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Are We Living In A Computer Simulation?

Elon Musk thinks we’re effectively in The Matrix – so what’s the flaw in his argument?

The cultural impact of 1999 sci-fi film The Matrix is extraordinary. Not only did it give us such indelible terms as “there is no spoon”, “the red pill” and “whoa”, it made us consider the question of whether reality itself was merely a simulation.

Since then, many technologists and philosophers have concluded that, well, yes, we very much could be living in a simulation.

Elon Musk, he of Tesla, Space X, and being a general tech wunderkid, even went so far as to say in 2016 that,

“The odds that we’re in base reality, is one in billions.”

Makes you wonder why Elon’s working so hard, really. Also why the simulators decided that they should plant such an obvious clue as to get the Wachowskis to make The Matrix.

Though the simulated reality question didn’t begin with Elon or The Matrix. In fact it goes back at least as far as 17th Century philosopher René Descartes.

Descartes wondered if “some malicious demon of the utmost power and cunning has employed all his energies in order to deceive me. I shall think that the sky, the air, the earth, colours, shapes, sounds and all external things are merely the delusions of dreams which he has devised to ensnare my judgment.”

It’s a tricky proposition. In fact, it’s impossible to disprove. Descartes decided the only thing that he could not have doubt about was his own existence, as he was the one asking these questions. Hence his most famous quotation: “cogito ergo sum” – “I think, therefore I am”.

This was subsequently retooled as the “brain in a vat” argument, a definite precursor of the icky pods of The Matrix world.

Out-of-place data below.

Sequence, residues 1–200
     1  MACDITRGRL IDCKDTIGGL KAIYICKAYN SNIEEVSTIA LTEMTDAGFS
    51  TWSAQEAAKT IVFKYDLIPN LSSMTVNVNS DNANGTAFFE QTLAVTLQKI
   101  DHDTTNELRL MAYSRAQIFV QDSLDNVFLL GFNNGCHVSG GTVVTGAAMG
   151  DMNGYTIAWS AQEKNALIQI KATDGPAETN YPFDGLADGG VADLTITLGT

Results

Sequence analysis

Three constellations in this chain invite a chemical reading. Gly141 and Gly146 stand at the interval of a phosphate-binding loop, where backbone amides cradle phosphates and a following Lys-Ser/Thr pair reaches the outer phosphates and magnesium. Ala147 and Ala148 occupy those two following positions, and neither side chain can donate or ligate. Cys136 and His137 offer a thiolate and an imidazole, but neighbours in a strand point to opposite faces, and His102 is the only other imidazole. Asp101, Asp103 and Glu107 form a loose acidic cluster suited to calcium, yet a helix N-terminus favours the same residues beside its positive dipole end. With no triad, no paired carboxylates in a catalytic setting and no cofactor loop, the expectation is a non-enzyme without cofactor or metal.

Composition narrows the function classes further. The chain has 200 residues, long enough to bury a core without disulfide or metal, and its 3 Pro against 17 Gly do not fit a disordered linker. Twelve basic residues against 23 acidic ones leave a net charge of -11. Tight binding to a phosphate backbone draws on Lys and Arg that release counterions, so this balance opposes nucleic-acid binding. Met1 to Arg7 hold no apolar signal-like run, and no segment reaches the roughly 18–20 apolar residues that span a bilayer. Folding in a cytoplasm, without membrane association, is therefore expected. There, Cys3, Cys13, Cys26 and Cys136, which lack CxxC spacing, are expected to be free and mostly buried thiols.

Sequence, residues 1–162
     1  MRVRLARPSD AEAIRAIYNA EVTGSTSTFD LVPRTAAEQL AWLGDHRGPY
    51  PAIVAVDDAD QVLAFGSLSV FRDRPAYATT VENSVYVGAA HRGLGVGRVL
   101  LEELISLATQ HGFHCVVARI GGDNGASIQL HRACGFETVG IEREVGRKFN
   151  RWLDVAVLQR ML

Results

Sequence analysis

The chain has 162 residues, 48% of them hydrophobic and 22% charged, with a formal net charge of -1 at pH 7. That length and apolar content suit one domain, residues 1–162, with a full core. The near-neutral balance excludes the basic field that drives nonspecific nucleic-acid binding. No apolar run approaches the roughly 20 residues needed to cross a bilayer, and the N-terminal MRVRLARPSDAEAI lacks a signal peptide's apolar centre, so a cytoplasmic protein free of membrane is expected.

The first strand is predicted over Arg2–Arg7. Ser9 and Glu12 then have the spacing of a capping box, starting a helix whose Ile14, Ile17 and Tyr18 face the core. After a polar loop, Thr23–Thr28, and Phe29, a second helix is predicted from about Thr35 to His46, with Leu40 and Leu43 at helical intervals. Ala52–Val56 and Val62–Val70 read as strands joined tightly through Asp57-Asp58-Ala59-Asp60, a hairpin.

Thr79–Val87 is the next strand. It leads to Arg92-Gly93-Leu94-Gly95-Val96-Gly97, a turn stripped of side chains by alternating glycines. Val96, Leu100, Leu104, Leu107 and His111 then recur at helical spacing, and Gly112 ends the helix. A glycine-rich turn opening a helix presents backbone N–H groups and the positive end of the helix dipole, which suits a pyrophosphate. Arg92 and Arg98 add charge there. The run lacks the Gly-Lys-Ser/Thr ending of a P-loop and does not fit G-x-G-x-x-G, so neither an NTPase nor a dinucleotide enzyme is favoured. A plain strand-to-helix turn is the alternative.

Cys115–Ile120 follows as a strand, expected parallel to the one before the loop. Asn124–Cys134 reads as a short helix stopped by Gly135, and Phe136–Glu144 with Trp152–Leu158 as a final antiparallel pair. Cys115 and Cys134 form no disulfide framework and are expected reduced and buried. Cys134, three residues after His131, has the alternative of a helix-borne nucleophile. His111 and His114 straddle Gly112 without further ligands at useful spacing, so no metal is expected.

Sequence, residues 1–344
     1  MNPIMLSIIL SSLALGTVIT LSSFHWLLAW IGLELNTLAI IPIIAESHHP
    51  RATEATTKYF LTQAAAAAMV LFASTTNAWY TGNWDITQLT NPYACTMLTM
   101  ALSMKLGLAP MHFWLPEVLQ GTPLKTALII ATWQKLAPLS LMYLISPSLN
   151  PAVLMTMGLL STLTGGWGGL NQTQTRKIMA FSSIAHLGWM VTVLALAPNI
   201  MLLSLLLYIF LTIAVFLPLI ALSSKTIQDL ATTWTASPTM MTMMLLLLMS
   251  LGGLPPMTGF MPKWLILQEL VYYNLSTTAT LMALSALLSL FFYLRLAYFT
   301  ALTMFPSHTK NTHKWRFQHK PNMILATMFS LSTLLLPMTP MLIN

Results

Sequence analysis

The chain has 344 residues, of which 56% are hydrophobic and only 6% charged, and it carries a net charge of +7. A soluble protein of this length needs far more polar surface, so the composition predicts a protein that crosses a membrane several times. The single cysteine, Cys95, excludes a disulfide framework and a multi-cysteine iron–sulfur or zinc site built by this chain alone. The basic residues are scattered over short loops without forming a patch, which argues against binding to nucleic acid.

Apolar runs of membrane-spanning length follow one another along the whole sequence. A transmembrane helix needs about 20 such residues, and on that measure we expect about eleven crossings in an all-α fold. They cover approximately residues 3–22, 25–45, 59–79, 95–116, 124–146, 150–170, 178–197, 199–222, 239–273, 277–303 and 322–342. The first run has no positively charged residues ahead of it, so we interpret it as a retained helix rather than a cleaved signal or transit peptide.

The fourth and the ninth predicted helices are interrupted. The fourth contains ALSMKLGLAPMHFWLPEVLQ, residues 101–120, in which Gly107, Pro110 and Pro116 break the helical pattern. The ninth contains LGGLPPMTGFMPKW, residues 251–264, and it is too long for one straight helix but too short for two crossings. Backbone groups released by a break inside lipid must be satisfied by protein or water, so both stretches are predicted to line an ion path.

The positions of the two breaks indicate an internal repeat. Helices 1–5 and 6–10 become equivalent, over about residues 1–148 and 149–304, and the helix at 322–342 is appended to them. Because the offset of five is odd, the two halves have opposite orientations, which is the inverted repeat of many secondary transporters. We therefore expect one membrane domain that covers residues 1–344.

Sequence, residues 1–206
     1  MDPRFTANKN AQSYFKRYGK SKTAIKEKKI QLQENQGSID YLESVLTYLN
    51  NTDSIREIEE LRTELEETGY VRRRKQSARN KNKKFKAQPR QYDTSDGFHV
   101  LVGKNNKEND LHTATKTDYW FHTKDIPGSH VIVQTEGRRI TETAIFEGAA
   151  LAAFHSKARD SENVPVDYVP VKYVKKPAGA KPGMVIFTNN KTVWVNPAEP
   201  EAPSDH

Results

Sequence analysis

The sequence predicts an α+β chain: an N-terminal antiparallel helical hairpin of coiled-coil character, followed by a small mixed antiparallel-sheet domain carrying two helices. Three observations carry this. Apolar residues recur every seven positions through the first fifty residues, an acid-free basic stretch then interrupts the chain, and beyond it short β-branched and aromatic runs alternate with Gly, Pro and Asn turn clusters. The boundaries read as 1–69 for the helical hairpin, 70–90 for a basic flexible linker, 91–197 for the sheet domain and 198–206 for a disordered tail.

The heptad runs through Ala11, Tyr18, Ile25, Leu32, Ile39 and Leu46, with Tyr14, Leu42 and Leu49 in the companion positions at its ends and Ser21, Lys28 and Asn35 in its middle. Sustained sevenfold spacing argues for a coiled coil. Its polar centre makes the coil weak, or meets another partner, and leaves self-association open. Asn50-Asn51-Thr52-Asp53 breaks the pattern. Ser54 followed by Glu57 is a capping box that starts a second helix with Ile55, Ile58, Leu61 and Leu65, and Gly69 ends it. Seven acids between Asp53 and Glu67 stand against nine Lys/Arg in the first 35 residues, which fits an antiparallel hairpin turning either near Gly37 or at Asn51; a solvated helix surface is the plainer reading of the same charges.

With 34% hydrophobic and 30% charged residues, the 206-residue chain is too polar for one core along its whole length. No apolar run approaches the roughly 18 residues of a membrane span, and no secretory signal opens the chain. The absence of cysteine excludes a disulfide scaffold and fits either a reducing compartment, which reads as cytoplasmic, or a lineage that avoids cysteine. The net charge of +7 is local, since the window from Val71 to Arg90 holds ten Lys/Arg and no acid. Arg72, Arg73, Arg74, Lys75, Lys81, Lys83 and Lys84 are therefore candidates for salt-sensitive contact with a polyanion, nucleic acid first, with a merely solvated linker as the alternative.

Musk’s argument is that given the huge leap over less than 50 years between the crude Pong-style games of the 70s and the photo-realistic multi-player games of today, that it was inevitable that civilisation would create a simulated reality that was indistinguishable from reality. And if that was the case, it’s almost certain that that has already happened.

It’s closely related to the proposition put forward by Oxford professor Nick Bostrom in 2003. His argument suggested that there were logically three possibilities: (1) the human species is very likely to go extinct before reaching a “posthuman” stage; (2) any posthuman civilization is extremely unlikely to run a significant number of simulations of their evolutionary history (or variations thereof); (3) we are almost certainly living in a computer simulation.

But NYU’s Professor of Philosophy David Chalmers says there’s a key flaw in that argument: it assumes that we can simulate human consciousness.

“Take an average camera. It’s processing inputs, it’s producing images, but normally we wouldn't think that’s actually having any subjective experience.

“When we do it as humans, yeah sure when a bunch of complicated processes in the brain, but the most important thing is that its experienced - it feels like something from the inside.

“If it turns out that consciousness cannot be simulated then you could build all the simulations you like, but… it's just going to be some kind of zombie simulation.”
This simulation seems believable enough.
This simulation seems believable enough.

Professor Chalmers adds that we’ll never get solid proof that we’re not in a simulation – but that we could get proof if we ARE.

“Just say the simulators decide to turn the Sydney Harbour Bridge upside-down, with a giant message saying, ‘You are in a simulation, and here’s proof’, and they show you the source code, then we might have very strong evidence that we ARE in a simulation. Either that or we’re on some really good… some good drugs.”